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Along with creating a correct listing in Google Maps, each time you edit or create a new listing the information gets added to a central database that shares the business contact information with other Google services. These include Froogle shopping, Google Earth and Google Web search to name a few. All mobile Google products also interface with this database, so you are actually increasing your exposure through many other Google products and services.

Using Google Maps on Your Web Site
Listing in Google Maps is free, and so is using Google Maps on your own Web (as long as your Web site is free for consumers to use). Google lets you download the Google API, which is what you need to display Google Maps on your own site. Adding Google Maps to your own Web site presents a unique opportunity to provide a myriad of graphical information related to your business.

The map will be embedded with copyrights, naturally, but basic editing of the API lets you place your own markers and display information specific to your company or industry. Google Maps on your own site enhances traditional text-based store or office branch locators; it provides customers with an easy way to find and print driving directions to your place of business. And — if implemented correctly — it can boost specific topic areas within your site. Anything that can be mapped, geographically speaking, can be displayed in Google Maps.

Businesses are using Google Maps in some very imaginative ways. City officials all over the world have mapped complete transit routes; tourism Web sites use maps to highlight areas of interest to potentials vacationers. In fact, you can find a Google Map for just about any topic from reported crop circles to locations of federal prisons. The possibilities are endless; and with some time and a little creativity you too can provide interesting and useful information to your clients through the Google Maps API.

To get a better understanding of the different ways people use Google Maps, we recommend starting with a look at the popular blog, Google Maps Mania. This blog tracks new Google Maps being developed and presented online.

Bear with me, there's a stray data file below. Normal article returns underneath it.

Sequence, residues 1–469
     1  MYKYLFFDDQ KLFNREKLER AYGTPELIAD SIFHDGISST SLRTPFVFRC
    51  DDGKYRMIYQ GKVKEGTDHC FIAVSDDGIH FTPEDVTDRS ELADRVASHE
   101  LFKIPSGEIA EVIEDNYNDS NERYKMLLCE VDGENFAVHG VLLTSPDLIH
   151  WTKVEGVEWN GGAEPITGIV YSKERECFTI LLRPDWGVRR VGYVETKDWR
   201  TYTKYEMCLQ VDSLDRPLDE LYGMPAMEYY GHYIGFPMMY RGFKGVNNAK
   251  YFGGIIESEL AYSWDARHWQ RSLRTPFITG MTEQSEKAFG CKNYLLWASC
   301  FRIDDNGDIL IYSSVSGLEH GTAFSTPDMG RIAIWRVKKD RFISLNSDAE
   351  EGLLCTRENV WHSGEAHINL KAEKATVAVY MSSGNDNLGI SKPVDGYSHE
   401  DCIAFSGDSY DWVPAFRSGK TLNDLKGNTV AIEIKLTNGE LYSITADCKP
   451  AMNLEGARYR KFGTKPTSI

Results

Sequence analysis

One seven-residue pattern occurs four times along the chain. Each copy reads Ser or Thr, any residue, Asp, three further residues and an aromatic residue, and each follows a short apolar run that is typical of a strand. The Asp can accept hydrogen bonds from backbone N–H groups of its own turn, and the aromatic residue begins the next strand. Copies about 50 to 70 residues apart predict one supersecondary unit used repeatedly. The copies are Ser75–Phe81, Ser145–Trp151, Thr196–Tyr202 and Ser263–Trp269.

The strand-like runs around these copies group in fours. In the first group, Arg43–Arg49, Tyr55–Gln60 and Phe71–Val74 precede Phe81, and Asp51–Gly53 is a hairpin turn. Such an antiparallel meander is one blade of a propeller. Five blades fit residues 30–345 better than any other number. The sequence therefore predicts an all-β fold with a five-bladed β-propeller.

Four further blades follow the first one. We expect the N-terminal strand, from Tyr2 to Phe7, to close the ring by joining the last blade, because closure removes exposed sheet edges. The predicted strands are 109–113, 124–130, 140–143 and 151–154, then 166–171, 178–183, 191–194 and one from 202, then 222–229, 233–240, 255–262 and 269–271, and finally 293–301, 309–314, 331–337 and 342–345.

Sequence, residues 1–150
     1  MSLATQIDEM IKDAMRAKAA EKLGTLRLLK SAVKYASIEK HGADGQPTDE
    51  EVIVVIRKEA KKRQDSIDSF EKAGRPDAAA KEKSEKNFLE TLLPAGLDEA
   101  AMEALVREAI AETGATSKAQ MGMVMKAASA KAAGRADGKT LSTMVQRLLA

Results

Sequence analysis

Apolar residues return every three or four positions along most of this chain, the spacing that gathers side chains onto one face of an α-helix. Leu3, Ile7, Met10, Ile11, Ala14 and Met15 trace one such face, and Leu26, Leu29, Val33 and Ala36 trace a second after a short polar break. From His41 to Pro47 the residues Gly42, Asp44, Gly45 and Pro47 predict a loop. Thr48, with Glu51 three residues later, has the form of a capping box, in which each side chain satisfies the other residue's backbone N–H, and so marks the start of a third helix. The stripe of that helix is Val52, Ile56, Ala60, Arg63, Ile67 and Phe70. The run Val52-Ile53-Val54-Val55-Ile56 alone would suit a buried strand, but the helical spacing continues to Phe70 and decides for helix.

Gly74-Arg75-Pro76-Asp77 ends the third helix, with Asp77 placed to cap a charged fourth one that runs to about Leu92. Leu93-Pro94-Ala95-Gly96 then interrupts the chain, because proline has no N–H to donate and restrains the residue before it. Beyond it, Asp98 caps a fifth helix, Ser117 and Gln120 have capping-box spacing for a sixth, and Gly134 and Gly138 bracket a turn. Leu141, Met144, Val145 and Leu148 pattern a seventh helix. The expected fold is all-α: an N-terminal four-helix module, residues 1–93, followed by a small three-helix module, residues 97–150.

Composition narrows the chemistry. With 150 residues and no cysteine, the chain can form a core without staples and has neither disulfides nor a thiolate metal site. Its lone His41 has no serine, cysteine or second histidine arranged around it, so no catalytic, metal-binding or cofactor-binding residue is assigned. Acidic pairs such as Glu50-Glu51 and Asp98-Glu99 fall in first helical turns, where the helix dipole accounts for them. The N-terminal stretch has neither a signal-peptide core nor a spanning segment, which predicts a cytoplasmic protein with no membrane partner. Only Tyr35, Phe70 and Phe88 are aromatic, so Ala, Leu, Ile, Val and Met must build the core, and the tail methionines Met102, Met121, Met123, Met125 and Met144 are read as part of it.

To use the Maps API, you first need to create a directory on your Web server to host the map (if you don't own your Web server, contact your ISP to set up the directory). Now head over to Google and download the API. Before you can download, there's a sign-in process you must complete in order to obtain a validation key. To get the key, you need to enter in the exact URL location of the directory you just created.

While you can freely use the Google Maps API, it is important to note that Google does not provide any support, so you should be prepared to go it alone. The good news, however, is that the Google Maps API is widely used, and you can find lots of online resources to help you get the job done. Google provides an extensive FAQ to get you started, and if you need more assistance on the technical side, help is also available through a Google Groups discussion forum.

Example of a Local Business Ad
A special marker and information window shows Barnes and Noble retail locations when you search for "bookstores in New York, NY." The sponsored text links (ads) appear in bottom left corner.
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Google Maps Advertising
Now that we've covered listing with maps, how people can use these maps to find your business and how to use Google Maps on your own Web site, there is one more area of interest for businesses: Google Maps advertising. Unfortunately, this one isn't free.

Most Google services let you connect with AdWords, and Google Maps is no exception. If you currently use AdWords for advertising, you already have the ability to opt-in and buy Maps ads.

You can choose to purchase normal text ads (where you pick the relevant keywords and your listing shows up in the three paid ads located on the organic Map search results), or local business ads where the search results will show a special marker on the Google Map display.

If AdWords through Google Maps sounds like an interesting way to advertise, we recommend that you start with the Google local business ads Web page to get an idea of how AdWords works.

All of these different aspects and options can seem a little overwhelming. Like with any new project, the best way to start is with small steps, and in this case your first step should be to register an account and add your business listing so it can be found in Google Map searches. From there you always have the option to investigate using Maps on your own Web site and using Google local business ads to further advertise your small business.

Based in Nova Scotia, Canada, Vangie Beal has been writing about computers and technology since the early 90s. She is also the managing editor of Webopedia.com.

Do you have a comment or question about this article or other small business topics in general? Speak out in the SmallBusinessComputing.com Forums. Join the discussion today!